2014 49¢ & 11¢ Breast Cancer Research Imperforate
A woman is diagnosed with breast cancer every two minutes in the United States. Research indicates that twelve percent of American women will develop invasive breast cancer. But there are nearly three million survivors of the disease in the United States alone.
Research into the biology of breast cancer is vital to prevent and treat the disease. Several organizations are committed to funding such research. Since 1993, the Breast Cancer Research Foundation has invested over half a billion dollars, funding more than seven million hours of research. Susan G. Komen has raised over $2.5 billion since 1982. And the Breast Cancer Research semi-postal stamp raised over $73 million between 1998 and 2014. The federal government first authorized the stamp in 1998 with an 8-cent surcharge. Proceeds from the surcharge, now at 11 cents, are donated to research efforts.
Each group strives to fight breast cancer from the start, slow its progress, and ultimately stop it completely. The five-year survival rate as of 2014 is 99 percent, compared to 74 percent in 1980. With these organizations working toward a common goal, there is hope for the eventual eradication of this terrible disease that affects so many.
The 2014 Breast Cancer stamp features the same artwork as the 1998 stamp (America’s first semipostal), created by artist Whitney Sherman. It pictures the Greek goddess Artemis (or the Roman goddess Diana) symbolizing strength and hope.
49¢ & 11¢ Breast Cancer, issued to satisfy the first-class mail rate and raise funds for research
Issue Date: September 30, 2014
City: Sacramento, CA
Printed By: Banknote Corporation of America for Sennett Security Products
Printing Method: Offset in sheets of 240, with 12 panes of 20 per sheet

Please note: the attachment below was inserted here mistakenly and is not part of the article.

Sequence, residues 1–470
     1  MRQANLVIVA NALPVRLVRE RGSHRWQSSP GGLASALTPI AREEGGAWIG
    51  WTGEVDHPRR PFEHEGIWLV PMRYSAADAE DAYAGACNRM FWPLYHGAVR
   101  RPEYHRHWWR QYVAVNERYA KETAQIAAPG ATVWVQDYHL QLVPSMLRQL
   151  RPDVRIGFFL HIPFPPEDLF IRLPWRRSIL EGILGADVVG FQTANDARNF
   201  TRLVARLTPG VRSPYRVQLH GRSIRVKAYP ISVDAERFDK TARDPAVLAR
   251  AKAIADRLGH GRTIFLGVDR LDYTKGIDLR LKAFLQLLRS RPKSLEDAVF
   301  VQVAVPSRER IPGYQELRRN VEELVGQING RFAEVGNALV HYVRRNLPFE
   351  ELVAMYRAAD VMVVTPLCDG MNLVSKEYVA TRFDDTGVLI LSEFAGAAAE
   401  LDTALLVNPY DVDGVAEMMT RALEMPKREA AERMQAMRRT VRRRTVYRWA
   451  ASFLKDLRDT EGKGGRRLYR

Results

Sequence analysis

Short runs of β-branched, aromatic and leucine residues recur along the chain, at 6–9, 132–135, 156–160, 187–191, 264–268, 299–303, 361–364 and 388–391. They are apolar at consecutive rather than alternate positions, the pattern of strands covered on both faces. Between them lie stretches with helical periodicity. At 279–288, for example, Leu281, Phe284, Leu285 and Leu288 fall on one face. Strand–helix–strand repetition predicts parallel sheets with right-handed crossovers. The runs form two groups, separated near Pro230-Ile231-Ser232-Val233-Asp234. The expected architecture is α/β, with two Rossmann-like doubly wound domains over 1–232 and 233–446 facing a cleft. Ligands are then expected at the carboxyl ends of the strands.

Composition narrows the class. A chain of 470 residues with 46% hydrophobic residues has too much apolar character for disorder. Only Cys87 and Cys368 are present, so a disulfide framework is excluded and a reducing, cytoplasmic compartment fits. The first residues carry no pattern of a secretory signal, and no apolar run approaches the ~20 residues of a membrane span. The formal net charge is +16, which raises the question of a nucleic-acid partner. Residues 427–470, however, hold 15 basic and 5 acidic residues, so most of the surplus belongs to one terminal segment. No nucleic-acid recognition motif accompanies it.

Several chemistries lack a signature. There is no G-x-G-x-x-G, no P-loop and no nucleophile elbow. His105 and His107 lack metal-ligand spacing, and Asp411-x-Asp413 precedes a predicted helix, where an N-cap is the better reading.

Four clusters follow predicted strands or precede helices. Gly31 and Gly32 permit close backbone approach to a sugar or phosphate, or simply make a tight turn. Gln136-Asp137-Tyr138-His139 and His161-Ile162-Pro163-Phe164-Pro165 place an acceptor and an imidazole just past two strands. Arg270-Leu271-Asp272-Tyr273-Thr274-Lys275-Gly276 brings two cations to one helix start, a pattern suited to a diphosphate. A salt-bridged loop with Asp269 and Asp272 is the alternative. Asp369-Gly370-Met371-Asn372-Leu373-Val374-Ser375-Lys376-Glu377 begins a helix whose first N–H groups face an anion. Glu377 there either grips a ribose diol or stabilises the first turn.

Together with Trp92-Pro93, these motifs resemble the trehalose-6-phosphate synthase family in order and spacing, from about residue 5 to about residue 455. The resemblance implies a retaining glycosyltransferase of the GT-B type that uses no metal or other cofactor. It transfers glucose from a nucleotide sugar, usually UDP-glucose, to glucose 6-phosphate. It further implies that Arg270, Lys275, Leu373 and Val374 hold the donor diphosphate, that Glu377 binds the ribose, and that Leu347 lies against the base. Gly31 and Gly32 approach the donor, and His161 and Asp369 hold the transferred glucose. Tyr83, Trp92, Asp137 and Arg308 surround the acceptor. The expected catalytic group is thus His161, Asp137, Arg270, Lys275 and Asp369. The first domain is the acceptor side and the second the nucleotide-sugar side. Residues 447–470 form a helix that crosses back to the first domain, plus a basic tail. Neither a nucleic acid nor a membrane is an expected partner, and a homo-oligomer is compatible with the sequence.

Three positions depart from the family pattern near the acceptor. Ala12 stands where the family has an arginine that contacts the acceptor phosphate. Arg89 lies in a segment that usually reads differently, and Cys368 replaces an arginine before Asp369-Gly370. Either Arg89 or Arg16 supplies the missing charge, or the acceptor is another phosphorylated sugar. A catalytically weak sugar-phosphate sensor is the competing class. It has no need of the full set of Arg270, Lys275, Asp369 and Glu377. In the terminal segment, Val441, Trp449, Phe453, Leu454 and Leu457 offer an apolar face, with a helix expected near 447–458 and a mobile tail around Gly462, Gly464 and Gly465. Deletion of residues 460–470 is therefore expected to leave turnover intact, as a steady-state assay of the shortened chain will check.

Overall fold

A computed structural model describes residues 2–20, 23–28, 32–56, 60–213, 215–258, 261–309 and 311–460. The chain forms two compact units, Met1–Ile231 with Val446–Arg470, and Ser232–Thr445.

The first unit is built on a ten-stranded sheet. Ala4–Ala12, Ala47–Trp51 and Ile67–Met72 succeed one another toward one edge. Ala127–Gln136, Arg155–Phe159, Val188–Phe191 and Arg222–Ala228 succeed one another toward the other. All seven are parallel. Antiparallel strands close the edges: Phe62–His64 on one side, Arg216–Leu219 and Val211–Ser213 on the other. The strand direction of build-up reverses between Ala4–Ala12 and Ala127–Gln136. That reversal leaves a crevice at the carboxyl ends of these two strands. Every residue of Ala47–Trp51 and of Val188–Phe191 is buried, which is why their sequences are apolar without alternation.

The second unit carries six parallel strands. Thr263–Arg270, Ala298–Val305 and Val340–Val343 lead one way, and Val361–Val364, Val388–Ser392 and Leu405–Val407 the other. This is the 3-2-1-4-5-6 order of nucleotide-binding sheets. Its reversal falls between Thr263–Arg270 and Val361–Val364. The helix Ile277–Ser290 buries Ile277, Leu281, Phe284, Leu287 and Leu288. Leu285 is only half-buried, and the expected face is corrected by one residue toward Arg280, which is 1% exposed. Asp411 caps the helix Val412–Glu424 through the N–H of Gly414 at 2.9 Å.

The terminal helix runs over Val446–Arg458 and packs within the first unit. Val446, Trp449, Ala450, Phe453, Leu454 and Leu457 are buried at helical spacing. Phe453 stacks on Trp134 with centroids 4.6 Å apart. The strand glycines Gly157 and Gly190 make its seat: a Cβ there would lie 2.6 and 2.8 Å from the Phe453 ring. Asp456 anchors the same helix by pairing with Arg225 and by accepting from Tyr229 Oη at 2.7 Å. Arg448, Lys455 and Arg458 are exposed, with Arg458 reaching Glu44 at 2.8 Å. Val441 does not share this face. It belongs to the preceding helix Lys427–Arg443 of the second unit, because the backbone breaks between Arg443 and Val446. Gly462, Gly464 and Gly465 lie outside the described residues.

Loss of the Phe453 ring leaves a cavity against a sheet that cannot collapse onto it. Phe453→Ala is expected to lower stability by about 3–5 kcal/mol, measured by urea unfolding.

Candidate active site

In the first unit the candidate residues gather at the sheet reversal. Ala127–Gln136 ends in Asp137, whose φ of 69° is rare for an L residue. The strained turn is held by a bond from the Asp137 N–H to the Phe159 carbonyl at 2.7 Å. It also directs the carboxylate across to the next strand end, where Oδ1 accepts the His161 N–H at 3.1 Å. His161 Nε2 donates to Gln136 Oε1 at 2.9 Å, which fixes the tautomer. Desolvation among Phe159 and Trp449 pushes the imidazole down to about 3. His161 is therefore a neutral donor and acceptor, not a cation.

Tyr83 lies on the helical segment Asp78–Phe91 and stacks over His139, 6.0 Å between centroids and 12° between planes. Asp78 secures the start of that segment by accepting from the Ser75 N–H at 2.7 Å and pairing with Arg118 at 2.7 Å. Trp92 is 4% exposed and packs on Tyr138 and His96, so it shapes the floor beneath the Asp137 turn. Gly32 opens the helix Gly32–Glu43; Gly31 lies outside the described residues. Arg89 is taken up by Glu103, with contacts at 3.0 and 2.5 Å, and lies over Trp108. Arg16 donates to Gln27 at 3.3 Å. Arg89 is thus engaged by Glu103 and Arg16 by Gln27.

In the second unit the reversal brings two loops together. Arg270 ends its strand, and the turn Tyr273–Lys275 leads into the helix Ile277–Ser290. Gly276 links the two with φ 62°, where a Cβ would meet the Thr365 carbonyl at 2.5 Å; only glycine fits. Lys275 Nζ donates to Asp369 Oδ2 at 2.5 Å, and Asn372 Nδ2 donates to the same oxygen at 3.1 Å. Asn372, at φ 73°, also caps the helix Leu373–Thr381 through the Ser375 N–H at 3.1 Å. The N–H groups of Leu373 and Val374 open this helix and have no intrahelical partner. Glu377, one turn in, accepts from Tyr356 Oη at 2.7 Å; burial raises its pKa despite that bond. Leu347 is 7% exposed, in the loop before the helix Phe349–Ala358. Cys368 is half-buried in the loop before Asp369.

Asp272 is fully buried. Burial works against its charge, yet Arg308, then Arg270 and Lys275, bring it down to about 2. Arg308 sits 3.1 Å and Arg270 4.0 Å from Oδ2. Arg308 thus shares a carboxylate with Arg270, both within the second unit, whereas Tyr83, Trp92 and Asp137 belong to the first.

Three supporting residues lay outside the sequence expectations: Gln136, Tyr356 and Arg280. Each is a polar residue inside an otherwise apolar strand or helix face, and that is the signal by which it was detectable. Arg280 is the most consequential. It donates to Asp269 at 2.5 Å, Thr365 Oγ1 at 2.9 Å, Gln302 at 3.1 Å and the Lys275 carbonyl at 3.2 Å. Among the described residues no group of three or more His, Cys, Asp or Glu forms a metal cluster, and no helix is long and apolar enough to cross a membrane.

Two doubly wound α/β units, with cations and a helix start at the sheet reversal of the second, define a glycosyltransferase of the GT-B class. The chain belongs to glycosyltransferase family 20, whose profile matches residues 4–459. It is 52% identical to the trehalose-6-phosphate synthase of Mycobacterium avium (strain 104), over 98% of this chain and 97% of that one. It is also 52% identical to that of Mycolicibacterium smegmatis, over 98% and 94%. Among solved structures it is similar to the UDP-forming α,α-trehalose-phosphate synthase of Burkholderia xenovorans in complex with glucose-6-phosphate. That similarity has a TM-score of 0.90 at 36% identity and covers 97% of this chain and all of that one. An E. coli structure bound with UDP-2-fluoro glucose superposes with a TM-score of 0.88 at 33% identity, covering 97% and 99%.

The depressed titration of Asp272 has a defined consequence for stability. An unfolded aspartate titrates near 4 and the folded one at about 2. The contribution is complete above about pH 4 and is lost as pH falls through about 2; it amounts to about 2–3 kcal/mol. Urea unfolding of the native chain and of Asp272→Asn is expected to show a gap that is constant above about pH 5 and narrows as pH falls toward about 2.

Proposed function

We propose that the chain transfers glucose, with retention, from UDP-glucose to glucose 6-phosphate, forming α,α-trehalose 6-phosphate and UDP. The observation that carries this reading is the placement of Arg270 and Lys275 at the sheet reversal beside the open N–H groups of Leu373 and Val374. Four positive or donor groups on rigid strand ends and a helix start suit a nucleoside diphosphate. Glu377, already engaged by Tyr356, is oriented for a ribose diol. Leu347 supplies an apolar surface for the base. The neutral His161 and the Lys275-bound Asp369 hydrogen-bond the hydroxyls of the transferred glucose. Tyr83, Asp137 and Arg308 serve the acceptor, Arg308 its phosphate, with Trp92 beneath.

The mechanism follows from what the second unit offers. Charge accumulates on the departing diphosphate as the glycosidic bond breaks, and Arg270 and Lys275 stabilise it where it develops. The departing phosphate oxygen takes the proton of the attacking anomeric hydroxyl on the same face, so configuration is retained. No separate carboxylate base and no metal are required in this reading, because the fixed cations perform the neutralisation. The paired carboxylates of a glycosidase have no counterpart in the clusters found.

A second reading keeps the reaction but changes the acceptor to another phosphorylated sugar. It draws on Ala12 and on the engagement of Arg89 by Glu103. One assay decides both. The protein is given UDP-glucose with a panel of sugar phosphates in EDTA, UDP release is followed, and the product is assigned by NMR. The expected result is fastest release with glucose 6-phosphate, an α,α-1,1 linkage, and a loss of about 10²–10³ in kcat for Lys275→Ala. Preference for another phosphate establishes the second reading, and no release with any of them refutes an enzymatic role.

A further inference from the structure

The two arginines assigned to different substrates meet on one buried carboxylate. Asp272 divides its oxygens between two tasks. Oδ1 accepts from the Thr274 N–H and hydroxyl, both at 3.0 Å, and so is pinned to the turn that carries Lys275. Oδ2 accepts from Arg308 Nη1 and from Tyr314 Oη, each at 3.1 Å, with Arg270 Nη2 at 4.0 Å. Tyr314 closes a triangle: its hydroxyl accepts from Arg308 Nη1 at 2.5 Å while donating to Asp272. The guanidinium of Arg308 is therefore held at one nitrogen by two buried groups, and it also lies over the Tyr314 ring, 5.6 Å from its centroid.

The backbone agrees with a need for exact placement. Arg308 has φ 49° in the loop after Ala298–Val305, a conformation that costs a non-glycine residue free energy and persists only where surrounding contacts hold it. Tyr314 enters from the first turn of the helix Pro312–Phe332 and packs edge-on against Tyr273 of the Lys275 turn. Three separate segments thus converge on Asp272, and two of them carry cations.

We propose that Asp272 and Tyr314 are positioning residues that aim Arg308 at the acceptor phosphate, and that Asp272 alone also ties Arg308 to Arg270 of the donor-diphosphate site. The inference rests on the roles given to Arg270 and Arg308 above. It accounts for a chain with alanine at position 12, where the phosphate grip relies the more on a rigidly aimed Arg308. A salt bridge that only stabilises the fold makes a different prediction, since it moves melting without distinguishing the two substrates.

Semipostal stamps are also known as fundraising stamps. The price of the stamp pays the first-class postage rate plus an additional amount to fund a specific cause.
Scarce Modern Imperforates
The modern imperforate stamps are one of the hottest stories around. In 2012, the U.S. Postal Service released some issues as press sheets. The sheets with die cut perforations were issued in limited quantities.
To the surprise of many collectors, officials then issued a small number of press sheets without perforations. The uncut sheets were only available in Kansas City, Missouri, yet most sold out immediately. In an instant, the imperforate stamp sheets became modern rarities. For example, only 75,000 Baseball All-Star se-tenant sheets were issued compared to 118,000 Bugs Bunny sheets with the 10th stamp imperforate.
In a controversial move, the editors of Scott Catalogue announced they would not list or give numbers to these stamps because they did not fit Scott guidelines. This decision was strongly debated since the imperforate stamps are valid for postage. They eventually decided to give the stamps minor numbers and have continued issuing imperforates in the years since.
Because they were issued in such limited quantities, these scarce modern imperforates can be difficult to find. Luckily Mystic purchased a small number of each imperforate stamp issued so you can add these modern rarities to your collection. Be one of the lucky few – order today.